Again, at the risk of offending his victims, I do not express my feelings for Madoff in support of his actions.  He has earned every night he spends in prison.  The empathetic feelings I have are for him as a human being.  How tragic that his actions have not only hurt those whom he was entrusted with investments, but his actions have harmed his family and others closely connected to him.

As a human being, it is difficult to find your life relegated to the structure and environment of prison.  Here’s a man who has a brilliant mind, who now will wake at 6ish each day, eat prison food at designated times and eat only what is offered.  He will eventually be assigned a location which will likely be a medium to minimum security facility.  It is NOT “Club Fed” – the days are filled with counts, structure and work.  You quickly lose the feeling for the outside world as contact is kept to a minimum and while you may read the newspaper, you find that reading or TV is no replacement for contact that free people have with each other.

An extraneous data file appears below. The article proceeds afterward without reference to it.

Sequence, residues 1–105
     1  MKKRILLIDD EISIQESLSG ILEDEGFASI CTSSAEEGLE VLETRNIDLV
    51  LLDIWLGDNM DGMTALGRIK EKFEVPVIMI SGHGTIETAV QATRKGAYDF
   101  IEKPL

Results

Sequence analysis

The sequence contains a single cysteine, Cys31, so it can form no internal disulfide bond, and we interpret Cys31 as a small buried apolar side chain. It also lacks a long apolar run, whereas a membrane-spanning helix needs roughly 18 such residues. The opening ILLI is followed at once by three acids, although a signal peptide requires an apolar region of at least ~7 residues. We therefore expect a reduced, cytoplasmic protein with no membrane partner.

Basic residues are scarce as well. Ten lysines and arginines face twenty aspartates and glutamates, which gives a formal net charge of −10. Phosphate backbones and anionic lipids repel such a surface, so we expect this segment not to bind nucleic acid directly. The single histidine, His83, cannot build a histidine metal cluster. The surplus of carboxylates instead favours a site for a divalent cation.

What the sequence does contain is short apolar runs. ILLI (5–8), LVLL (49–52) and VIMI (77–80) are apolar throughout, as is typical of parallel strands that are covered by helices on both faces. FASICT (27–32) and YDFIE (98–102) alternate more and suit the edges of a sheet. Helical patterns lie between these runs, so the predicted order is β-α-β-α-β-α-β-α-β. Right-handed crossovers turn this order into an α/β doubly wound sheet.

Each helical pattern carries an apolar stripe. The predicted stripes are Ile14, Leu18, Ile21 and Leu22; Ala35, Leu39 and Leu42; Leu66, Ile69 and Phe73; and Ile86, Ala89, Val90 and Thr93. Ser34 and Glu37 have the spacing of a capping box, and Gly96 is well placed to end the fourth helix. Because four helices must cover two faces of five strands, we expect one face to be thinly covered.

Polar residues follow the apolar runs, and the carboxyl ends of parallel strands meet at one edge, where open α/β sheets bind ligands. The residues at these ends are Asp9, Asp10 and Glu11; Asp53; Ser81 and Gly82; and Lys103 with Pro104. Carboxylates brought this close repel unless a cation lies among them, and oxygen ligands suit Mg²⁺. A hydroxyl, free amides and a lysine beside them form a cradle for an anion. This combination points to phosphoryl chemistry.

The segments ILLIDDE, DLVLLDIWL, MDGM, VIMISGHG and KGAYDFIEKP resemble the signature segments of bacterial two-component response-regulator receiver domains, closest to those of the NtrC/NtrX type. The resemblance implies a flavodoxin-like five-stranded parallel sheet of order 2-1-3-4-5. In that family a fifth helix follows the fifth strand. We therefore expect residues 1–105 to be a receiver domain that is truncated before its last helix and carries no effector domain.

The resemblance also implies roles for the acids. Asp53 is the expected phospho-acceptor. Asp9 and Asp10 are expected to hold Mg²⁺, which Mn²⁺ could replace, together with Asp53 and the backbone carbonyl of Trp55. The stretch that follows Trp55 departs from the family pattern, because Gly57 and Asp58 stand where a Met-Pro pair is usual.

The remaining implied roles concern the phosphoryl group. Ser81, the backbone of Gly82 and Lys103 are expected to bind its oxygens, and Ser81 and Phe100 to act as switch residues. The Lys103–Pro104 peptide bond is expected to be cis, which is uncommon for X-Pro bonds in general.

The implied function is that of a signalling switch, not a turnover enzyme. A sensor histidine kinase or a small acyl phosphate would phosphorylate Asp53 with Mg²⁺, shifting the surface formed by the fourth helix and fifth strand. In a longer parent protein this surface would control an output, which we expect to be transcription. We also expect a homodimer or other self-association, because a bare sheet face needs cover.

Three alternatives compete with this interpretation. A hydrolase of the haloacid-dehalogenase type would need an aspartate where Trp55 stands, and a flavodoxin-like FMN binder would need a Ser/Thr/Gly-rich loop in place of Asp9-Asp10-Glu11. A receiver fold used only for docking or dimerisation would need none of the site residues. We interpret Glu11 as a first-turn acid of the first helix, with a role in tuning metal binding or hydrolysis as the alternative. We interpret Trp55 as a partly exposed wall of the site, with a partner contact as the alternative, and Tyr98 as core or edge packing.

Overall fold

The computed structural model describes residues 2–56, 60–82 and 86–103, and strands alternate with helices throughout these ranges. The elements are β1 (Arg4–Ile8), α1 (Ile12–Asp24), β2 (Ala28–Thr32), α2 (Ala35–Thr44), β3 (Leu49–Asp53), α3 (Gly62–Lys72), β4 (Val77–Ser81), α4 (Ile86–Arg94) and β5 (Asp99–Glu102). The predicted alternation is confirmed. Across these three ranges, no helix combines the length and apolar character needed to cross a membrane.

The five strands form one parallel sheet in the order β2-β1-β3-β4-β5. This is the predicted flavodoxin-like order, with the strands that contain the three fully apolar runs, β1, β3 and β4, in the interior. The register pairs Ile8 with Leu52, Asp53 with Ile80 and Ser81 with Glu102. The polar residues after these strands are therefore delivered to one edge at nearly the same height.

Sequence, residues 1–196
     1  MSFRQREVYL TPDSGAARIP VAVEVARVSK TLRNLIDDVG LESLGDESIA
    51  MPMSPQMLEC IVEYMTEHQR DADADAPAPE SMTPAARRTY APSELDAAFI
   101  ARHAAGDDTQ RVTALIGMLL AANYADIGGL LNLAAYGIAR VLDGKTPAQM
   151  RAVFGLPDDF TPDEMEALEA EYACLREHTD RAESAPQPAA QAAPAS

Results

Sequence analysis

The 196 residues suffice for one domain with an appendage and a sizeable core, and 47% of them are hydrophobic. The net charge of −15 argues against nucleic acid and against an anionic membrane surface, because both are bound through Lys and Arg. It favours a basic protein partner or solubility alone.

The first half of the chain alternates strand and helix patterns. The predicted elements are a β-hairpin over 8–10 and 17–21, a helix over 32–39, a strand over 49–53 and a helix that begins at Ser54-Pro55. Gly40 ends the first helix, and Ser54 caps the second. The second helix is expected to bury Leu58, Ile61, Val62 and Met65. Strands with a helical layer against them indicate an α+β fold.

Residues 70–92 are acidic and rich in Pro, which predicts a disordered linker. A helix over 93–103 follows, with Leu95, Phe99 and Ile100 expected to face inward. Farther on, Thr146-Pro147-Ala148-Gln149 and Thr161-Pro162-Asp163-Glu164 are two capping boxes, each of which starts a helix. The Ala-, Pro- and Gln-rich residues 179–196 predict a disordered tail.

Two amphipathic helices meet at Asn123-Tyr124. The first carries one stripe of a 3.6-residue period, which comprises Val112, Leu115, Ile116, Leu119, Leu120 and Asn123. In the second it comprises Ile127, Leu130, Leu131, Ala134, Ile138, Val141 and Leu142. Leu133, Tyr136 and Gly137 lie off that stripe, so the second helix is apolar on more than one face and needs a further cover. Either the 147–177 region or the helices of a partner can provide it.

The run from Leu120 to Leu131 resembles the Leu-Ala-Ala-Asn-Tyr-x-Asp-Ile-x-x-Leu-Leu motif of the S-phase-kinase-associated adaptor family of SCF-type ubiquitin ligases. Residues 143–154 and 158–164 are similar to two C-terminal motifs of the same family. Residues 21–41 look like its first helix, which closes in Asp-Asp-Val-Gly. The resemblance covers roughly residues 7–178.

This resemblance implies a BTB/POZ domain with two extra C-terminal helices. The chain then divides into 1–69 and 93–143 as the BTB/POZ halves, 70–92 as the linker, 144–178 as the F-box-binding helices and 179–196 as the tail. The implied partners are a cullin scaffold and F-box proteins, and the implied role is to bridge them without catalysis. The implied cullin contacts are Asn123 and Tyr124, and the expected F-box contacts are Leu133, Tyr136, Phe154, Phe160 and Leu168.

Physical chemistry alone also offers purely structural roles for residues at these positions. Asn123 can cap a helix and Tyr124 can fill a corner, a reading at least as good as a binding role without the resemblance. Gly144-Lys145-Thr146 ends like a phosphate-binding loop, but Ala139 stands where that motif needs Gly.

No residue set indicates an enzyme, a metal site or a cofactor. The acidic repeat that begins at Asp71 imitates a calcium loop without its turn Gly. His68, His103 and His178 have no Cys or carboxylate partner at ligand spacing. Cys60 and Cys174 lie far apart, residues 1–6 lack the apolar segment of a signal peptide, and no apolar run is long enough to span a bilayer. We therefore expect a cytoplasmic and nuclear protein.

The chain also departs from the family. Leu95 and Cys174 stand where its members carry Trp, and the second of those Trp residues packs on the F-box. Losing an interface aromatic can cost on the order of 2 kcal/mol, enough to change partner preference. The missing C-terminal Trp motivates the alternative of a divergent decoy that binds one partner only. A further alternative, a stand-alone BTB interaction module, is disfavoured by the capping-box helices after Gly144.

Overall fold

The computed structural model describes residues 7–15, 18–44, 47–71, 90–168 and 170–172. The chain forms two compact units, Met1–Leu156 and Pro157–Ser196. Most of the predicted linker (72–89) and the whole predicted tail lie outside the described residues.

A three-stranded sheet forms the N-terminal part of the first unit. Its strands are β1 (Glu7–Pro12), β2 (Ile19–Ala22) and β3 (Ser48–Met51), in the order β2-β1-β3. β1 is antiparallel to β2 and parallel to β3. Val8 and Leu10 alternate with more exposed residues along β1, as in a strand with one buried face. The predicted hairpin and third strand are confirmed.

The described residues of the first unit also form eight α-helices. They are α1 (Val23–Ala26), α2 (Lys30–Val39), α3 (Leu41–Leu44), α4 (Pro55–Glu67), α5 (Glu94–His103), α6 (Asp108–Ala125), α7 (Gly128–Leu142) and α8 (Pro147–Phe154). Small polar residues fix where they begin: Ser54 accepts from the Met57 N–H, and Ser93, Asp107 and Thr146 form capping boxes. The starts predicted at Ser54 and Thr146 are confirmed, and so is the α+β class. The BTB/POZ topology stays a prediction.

As time goes on as he languishes away in prison, those close to him will die – but, he’ll find himself disconnected.  He will have gone from high flying financier to just another inmate.  He will withdraw for his own protection finding that the culture in federal prison is something foreign to him.  He will hear and learn things that will repulse him and there will be those who will leach on to him hoping to make him their prey.  Perhaps, they might think, “If I can threaten or endanger him, I might get some money for my family on the outside.”  He may become a target or he may just fade into oblivion.